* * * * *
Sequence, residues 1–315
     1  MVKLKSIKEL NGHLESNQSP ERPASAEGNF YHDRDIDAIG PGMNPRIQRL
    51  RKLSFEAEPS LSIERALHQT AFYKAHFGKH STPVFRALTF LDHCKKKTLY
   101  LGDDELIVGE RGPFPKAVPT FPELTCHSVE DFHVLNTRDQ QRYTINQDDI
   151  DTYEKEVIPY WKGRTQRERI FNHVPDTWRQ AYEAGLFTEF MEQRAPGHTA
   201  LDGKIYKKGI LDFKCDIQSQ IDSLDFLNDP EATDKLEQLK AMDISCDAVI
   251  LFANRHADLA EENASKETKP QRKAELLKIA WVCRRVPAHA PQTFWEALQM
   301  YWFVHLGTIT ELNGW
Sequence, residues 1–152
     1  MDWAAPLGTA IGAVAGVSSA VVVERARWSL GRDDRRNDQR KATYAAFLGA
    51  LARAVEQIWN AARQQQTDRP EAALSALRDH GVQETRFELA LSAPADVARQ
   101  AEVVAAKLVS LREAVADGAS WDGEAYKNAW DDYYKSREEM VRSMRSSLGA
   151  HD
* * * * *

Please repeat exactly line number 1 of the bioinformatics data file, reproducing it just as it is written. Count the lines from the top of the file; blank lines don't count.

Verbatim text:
Sequence, residues 1–315